A pile of stones is rather an odd thing to have on a staircase, but it has been growing over the months because when visitors, particularly from overseas, ask to visit the studio they are asked to bring a pebble from their home country to contribute to the cairn. Because my visit was unplanned I don’t have a stone to offer and I arrive at the door of Director Ahn’s office feeling slightly rather discourteous.
I’m also feeling inadequate because just about every question I might have asked Director Ahn had already been asked in the Eastern Kicks interview. He does not seem to mind, so as we sat down in Director Ahn’s pleasantly cluttered office we simply chat about his latest work.
There are two projects on the go: what looks like a charming full-length feature based on an original story, and a couple more classic short story animations as a follow-up to their excellent trilogy This Road Called Life. The two stories chosen for the Studio MWP treatment are Hwang Sun-won’s classic Shower and Kim Dong-ni’s Shaman Painting.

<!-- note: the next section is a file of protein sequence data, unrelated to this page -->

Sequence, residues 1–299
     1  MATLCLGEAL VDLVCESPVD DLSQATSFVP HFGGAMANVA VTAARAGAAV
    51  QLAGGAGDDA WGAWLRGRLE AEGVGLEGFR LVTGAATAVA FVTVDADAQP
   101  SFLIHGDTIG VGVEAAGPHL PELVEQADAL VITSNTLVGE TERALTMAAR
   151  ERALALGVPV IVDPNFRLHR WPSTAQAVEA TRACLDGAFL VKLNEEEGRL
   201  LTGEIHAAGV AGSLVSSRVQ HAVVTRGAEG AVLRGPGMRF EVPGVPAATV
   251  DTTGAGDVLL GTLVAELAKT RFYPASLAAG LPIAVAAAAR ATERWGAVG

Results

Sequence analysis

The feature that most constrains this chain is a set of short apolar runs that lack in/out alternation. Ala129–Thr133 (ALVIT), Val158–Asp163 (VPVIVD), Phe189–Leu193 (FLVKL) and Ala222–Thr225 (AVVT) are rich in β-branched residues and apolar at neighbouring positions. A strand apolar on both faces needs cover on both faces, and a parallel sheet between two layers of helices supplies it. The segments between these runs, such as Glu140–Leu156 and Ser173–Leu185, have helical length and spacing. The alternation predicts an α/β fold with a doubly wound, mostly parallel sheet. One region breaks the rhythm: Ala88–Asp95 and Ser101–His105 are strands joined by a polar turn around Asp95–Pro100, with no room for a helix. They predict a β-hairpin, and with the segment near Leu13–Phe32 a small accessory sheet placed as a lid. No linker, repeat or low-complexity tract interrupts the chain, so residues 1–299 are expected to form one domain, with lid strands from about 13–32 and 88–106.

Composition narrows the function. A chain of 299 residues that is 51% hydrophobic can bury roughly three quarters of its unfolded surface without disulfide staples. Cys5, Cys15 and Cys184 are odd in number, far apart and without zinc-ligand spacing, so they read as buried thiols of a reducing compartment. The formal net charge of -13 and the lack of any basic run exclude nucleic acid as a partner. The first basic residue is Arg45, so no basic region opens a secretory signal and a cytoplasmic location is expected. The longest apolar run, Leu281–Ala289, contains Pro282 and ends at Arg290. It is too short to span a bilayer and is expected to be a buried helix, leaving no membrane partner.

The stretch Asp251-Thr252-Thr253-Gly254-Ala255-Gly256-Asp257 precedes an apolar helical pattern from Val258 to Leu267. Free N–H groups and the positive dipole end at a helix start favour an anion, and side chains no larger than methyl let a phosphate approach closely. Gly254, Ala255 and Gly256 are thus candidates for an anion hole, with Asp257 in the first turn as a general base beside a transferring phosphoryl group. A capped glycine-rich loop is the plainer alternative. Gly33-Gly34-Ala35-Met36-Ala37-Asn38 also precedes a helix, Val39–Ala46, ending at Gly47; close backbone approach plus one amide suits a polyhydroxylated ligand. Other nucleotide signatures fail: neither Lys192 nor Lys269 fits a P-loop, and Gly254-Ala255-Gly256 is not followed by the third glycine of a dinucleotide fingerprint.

I have to confess to Director Ahn that I find Shower rather dull: boy meets girl; they go for a walk; it rains; she catches a cold and dies. I’m pretty sure he said that when he was younger he too found it dull too, but he has since begun to appreciate. Since returning home I’ve put it on my list of things to re-read. Many Koreans find it deeply moving, partly for the unique quality of the language and partly I suspect because they associate it with their childhood – it is a story that everyone studies at school. A contributor to Wikipedia seems to think that the scene where the boy and girl take shelter together has inspired similar scenes in hallyu favourites such as My Sassy Girl and The Classic.